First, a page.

Among the potted plants, the decorating tips, the slow cooker recipes, and the DIY crafts, is there a place for Millennials in the world of Better Homes and Gardens?
Meredith Corporation believes there is, and they’re leaning on Millennials themselves—students from Creighton and Drake—to strategize ways to bring their flagship publication to a younger audience. The second annual Murphy Cup, a strategic marketing competition, centered on this very challenge. Held in Des Moines over the weekend of February 5, the cup brought together marketing students from Drake and Creighton to craft a multi-faceted plan to increase Millennial subscription rates. Teams competed to produce direct mail and social media plans, as well as their own unique marketing strategies.
The competition is the invention of Chris Murphy, JO’79, a Drake alumnus and member of Creighton’s Board of Trustees.
“We wanted to put Drake and Creighton students together so that students can broaden their social and professional networks,” says Andy Norman, associate professor of marketing and the competition’s faculty leader. “We wanted it to be not only a competitive event but also a collaborative one.”
Six teams, composed of four students each—two from Drake and two from Creighton—worked throughout the weekend to craft their plans for BHG, and get to know one another’s strengths.
“Drake and Creighton seem similar, but the things we had learned were very different,” says Alyssa Mougin, a senior marketing and entrepreneurial management major and one of the competition’s participants. “It was good just to talk, come together, and bounce ideas off each other. We got along really well—so much so that we would hang out with each other even when we weren’t working.”
As Mougin’s team of collaborators took shape, they developed a unique strategy based on their classroom marketing knowledge and everyday experiences as Millennial media consumers.
“Our strategy was to create a Better Homes and Gardens experience,” says Mougin. "We’ve seen how much Millennials interact with Pinterest, and we wanted to make the magazine more like that."
The team planned events hosted by guest bloggers, engaging direct mail pieces, and content targeted to younger readers. They also had the benefit of working on the project within the walls of Meredith Corporation itself.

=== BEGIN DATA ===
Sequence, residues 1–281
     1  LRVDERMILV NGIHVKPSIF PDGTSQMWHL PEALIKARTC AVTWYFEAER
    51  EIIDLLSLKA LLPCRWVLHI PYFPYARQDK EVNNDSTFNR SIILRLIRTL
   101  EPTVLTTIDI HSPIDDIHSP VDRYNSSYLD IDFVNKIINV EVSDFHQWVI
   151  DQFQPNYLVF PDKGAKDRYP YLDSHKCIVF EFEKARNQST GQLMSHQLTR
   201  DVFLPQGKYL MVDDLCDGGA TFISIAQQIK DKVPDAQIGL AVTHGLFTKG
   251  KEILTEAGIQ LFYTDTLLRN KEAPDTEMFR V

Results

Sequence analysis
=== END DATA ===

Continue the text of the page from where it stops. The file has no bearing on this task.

“The students were able to not only work on a problem presented from this company, but there were Meredith managers checking in on them, and they were right there in the environment, which made it more real,” says Norman.
The realness of the experience was also echoed in the tight time crunch students were working under. After receiving their assignment Friday morning, teams had to be ready to present their marketing plans Saturday afternoon.
“We learned what’s it’s like when you’re actually working on projects and have a timeline," says Mougin. “The whole experience was reflective of real marketing jobs, especially in agencies where everything is just really fast-paced.”
Teams presented their plans to a judging panel composed of executive vice presidents from major Des Moines advertising and marketing agencies such as Flynn Wright and Integer as well as the editor–in-chief and executive editor of Better Homes and Gardens.
Mougin’s group was awarded the runner-up prize by the prestigious panel, a sign of future success for the budding marketers.
“It’s a huge accomplishment because we got the chance to present to and were chosen by some of the highest ranking people within Meredith, as well as outside judges with high ranking positions in companies and agencies,” says Mougin. “These are people we could be working for someday.”
Beyond their preparation for the professional world, students are getting to see the benefits of their work as soon as this summer—when Meredith Corporation will begin implementing the top three direct mail campaigns crafted in the Murphy Cup.
“Students can show off all this work they’ve done, and it’s not just little things either but creating strategies for Meredith’s flagship brand that might actually be used,” says Norman. “It’s just an outstanding opportunity to interact with professionals in such a close relationship.”